Two of the defendants charged in connection with the hate killing of an Ecuadorean immigrant in Patchogue will appear Friday before State Supreme Court Justice Robert W. Doyle in Riverhead amid indications one of them, 18-year-old Kevin Shea, might take a plea.

Shea and Jordan Dasch, 19, were due to appear before Doyle next week but were advanced to Friday, said Robert Clifford, a spokesman for District Attorney Thomas J. Spota. Clifford would not comment further.

Shea and Dasch - both of Medford and former Patchogue-Medford High School students - are among seven teenagers charged with first-degree gang assault and fourth-degree conspiracy for the Nov. 8, 2008, killing of Marcelo Lucero. The teens also face additional charges for attacks on other Latino victims.

Shea's attorney, Steven Politi of Central Islip, said Shea might plead guilty depending on the outcome of conversations in chambers. "There's a possibility but I don't know how strong it is," he said. "There's always a chance that something's going to happen."

Dasch's attorney, Michael Gajdos of Patchogue, said his client has "no intention of taking a plea at this moment."

"Nothing's really changed as far as the district attorney's position," Gajdos said.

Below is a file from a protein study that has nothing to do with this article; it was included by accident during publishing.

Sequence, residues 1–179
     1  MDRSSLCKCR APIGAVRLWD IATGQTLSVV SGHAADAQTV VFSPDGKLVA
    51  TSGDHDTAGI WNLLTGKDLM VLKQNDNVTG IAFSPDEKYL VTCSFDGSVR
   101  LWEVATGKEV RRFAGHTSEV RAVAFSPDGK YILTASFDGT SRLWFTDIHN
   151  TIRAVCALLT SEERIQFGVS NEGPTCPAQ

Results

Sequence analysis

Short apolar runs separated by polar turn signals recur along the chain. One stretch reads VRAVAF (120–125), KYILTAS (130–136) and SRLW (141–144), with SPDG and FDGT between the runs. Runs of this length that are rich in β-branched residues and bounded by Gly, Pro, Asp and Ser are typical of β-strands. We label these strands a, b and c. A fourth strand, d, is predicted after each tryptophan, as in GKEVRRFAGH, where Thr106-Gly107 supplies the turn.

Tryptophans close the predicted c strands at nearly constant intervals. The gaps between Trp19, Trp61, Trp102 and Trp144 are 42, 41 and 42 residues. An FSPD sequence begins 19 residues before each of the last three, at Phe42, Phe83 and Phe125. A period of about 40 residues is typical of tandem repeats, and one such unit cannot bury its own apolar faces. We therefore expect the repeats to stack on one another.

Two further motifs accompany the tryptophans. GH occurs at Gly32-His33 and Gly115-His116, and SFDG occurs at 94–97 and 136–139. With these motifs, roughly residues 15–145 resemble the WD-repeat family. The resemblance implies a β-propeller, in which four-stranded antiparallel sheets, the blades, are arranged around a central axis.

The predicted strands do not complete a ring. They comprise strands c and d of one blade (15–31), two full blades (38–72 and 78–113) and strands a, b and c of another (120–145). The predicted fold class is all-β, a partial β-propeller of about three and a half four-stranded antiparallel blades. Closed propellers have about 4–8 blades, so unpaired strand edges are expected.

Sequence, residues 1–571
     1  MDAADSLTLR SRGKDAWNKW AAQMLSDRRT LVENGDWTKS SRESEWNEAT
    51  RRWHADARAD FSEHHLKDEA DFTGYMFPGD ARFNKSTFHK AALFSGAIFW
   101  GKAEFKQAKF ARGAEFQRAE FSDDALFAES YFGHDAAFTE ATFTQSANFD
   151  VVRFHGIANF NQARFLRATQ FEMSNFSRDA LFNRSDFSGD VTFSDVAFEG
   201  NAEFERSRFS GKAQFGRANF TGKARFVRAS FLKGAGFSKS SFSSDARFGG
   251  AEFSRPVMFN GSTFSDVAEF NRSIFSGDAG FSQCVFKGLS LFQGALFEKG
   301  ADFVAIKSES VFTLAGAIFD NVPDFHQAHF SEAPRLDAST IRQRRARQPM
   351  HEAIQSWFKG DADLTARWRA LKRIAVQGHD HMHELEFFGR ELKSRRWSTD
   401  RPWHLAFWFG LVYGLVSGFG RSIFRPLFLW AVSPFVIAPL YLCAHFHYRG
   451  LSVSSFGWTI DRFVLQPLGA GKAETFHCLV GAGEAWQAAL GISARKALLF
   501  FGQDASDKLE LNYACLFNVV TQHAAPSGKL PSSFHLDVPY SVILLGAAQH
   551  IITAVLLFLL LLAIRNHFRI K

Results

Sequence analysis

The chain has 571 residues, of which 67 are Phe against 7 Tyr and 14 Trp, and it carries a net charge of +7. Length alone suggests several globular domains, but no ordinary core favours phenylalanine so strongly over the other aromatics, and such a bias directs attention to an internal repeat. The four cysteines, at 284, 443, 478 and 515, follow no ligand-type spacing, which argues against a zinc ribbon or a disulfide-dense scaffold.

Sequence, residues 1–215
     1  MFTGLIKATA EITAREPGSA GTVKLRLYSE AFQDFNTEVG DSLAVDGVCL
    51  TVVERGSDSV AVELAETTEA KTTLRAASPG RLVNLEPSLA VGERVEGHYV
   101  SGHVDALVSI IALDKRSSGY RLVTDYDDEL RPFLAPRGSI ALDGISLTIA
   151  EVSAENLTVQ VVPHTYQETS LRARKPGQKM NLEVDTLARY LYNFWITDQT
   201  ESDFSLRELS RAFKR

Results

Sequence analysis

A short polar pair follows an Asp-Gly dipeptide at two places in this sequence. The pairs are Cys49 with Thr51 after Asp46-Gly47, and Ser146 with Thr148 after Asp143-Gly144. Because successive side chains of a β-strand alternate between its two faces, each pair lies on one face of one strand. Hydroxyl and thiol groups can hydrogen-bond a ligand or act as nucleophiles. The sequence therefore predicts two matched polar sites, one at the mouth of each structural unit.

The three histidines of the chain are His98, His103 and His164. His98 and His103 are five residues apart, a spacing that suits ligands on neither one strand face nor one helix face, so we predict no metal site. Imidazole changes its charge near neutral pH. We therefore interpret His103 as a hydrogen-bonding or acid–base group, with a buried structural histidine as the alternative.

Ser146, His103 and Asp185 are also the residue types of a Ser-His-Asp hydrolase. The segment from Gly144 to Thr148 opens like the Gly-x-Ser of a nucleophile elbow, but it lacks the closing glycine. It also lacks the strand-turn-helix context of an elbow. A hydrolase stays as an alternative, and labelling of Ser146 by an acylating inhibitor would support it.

Gajdos said he was awaiting Doyle's decision on a number of motions, including whether Dasch's statement to police is admissible in court and a motion seeking suppression of evidence and dismissal of several charges.

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Doyle also has not yet ruled on motions made by defense attorneys for separate trials.

Jury selection for Shea is slated to begin Monday. Jury selection for another defendant, Jeffrey Conroy, 19, of Medford, is scheduled to begin the following week. Conroy is the only defendant charged with second-degree murder and first-degree manslaughter, both as hate crimes. Authorities say he fatally stabbed Lucero.

All seven teens gave statements to police hours after the killing admitting to their involvement in the crime. Last week, Doyle ruled that Conroy's and Shea's statements could be used in a trial.

Prosecutors have not offered any defendants any deals. A source this week said prosecutors will likely seek one trial with multiple juries.

"As of this time it's being advanced, I'm told, because they want to see about putting my guy next to Conroy," Gajdos said. "I don't know if that's going to happen, either. There's a lot of things that have to be addressed prior to a trial."